Years ago I went to a parish where people flocked to hear the parish priest. He loved his parishioners, and we loved him. I had special reason to love him, for he counselled me through my divorce and annulment. And I knew that he, too, had known suffering and loss: years before he heard his call to the priesthood, his fiancée had died. His mother thought he would go off the rails, but in the end, he straightened out and went into the seminary. Result: one pastorally amazing priest.
So I was startled when I heard this good priest announce from the pulpit that he wished he could paint smiles on all the statues of the Blessed Virgin Mary. I can't remember why he wanted to do this--to cheer us all up, perhaps, or to underscore the joy of the resurrection. But I certainly remember my dismay at Father's suggestion that we whitewash Mary's sufferings with a painted smile.
We lived in a mill town. The economy was shifting towards the service sector, but the town's identity came from three steel mills. It was a tough town, a small, tough city, and bad stuff was not as easily hidden as it is in a big city. There was a statue to men who had been hurt or killed on the job. There was a belief that guys who retired from the mills didn't live long enough to enjoy their pensions. There was TB down by the docks. There were mob killings and police with rifles on the roofs during mob trials. And, of course, there were strikes, lay-offs, rumours of closings. So all was not rosy.
The Italian and Portuguese populations were big; there were a lot of Franco-Ontariens, too. Lots of Croatian refugees. In some ways it was a Catholic city. And I thought about what a local woman, the kind of local woman with a picture of Padre Pio on the wall, would do if her husband got hurt or killed in the mill, or if her kid got hurt or killed in crossfire, or if she had a miscarriage. Who would she turn to in her prayers? In whom would she see understanding of her woman's suffering? The Sorrowful Virgin, Our Lady of Sorrows, that's who. Not some woman with a painted-on smile.
I don't know so much about men, so I'm going to restrict my remarks to women here. And these remarks are going to be very Catholic, maybe a bit of a mystery to those of the Reformed tradition, who don't see why I don't just talk about Christ Crucified (which I do, incidentally, in my book).
When women are in pain, they naturally seek out other women. Men and women deal with stress differently: men have fight or flight responses; women have fight, flight and complain to other women. We assume that other women "get it", and we get mad when they don't. Mary the Mother of God, who is herself, of course, not divine but a human saint in heaven, is also a woman. And because she saw her Son die, and "a sword pierced her heart," other suffering women know she gets it.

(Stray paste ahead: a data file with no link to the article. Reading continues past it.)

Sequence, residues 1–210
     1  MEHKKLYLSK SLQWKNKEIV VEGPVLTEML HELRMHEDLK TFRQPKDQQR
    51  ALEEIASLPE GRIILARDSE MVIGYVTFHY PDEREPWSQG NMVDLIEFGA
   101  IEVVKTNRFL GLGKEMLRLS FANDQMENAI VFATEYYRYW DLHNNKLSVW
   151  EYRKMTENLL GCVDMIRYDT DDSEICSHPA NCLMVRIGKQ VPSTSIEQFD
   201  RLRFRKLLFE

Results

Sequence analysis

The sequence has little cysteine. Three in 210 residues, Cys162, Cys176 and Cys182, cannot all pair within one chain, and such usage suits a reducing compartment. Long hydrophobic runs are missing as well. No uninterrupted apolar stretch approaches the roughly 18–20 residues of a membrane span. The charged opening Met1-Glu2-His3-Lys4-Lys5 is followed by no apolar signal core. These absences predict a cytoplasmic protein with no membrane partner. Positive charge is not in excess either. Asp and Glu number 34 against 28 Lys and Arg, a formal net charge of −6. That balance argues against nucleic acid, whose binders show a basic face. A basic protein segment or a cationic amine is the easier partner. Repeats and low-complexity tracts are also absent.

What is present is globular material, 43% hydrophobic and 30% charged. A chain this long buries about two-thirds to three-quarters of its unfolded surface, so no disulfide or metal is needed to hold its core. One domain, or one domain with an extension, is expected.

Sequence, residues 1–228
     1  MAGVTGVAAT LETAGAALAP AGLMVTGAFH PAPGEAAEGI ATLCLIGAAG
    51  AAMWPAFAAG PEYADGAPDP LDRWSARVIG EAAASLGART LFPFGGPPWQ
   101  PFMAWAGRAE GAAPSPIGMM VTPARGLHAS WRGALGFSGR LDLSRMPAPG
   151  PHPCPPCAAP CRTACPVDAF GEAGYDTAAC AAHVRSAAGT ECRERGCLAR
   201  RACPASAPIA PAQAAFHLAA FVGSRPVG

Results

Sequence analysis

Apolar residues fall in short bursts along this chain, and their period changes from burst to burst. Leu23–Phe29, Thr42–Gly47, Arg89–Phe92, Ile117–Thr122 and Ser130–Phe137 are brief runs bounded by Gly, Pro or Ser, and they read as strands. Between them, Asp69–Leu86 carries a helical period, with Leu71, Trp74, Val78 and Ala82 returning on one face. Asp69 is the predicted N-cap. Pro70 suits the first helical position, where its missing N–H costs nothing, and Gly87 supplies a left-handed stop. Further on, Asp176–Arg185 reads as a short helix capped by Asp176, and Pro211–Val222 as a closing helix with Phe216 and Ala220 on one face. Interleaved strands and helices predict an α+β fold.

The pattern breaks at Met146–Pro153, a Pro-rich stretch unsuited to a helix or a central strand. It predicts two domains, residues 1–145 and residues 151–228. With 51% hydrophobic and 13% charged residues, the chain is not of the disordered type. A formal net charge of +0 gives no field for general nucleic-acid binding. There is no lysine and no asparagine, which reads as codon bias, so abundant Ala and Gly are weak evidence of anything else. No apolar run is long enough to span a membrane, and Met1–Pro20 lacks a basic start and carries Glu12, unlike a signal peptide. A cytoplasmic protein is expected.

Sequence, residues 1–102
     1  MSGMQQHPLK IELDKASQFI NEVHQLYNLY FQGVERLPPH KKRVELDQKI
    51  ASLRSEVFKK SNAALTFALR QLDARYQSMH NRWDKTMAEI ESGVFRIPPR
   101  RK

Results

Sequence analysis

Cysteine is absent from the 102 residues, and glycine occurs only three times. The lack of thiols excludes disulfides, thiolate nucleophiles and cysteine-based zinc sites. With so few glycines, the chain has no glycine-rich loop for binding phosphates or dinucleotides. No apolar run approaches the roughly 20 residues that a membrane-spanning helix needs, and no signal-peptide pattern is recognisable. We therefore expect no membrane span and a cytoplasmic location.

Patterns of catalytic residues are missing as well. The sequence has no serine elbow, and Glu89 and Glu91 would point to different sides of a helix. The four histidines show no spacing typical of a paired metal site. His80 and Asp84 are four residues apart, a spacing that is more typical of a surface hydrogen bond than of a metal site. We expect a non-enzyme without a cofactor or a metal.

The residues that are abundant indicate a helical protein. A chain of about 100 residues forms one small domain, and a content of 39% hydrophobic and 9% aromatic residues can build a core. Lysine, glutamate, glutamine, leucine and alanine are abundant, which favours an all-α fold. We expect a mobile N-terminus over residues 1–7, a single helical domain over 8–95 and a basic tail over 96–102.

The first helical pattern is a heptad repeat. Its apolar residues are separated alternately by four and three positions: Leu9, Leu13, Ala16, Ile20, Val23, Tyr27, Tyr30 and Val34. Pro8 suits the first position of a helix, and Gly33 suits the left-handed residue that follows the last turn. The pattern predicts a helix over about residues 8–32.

Suffering, ordinary suffering, can do two things to you: it can corrode you with bitterness and it can make you a deeper, more sympathetic person. This is not always your choice, and sometimes it can be a lot of work to rise above corrosion. But if your suffering makes you a deeper, more sympathetic person, then your suffering has a silver lining for somebody: your suffering is a gift for the woman who needs to see the maternal, understanding face of the Sorrowful Virgin and sees it in you. Your suffering, and your ability now to sit in sympathy with other women who suffer, makes you a true daughter of Mary.
Many Single women feel their loneliness and their disappointment with men acutely. I sure did. I felt it from about the age of eight. I felt it in high school, when my "prettier" (actually, more socially gifted) friends found boyfriends. I felt it in university, when it looked like my religion was a barrier between me and the most interesting men. I felt it when I was engaged and married to a man who turned out to despise my religion. I felt it after my divorce. And throughout all this loneliness and disappointment, I held views most recently summed up by the contemporary pencil case motto: "Boys are stupid. Throw rocks at them." These views were corrosive.
I was very impatient with women who didn't understand what I was going through. Girls who had been popular with boys all their lives didn't get it. Women who had been treated kindly by their husbands all their lives didn't get it. Women who had never been divorced didn't get it. Women who had never gone through an annulment procedure didn't get it. There was a lot of not getting it.
But some women did get it, and these women were gifts to me. Other long-term Singles, other young divorced women, other young divorced-and-annulled women. Just by knowing first-hand what kind of things I had gone through, they were helps to me. And when I realized that I had something to say myself to fellow Single women, I started a blog to be a help to myself and you. The companionship and solidarity I found in readers, plus reading about inspiring Single men and women, helped me rise above corrosion. And because of your sufferings as long-term Singles, my Searching Single readers, you can--as you fight the battle against bitterness--be a help to other suffering Single women.
P.S. Bitterness is to be overcome, but sometimes you have to fight for your right to feel your own sadness. I remember saying, quite sternly, through tears, "I am CRY-ing because I feel grief and loss. CRY-ing is a perfectly healthy response to grief and loss!"
I also remember bursting into tears on 9-11, after watching the towers collapse on public televisions. A woman with a pasted-on smile--she looked a bit mad, actually--asked me if I was all right. I either said or thought, "Of course, I'm not all right. I just saw thousands of people die." Although I agree one should wear a stiff upper lip when there's work to be done immediately, you've got to give vent to your grief some time.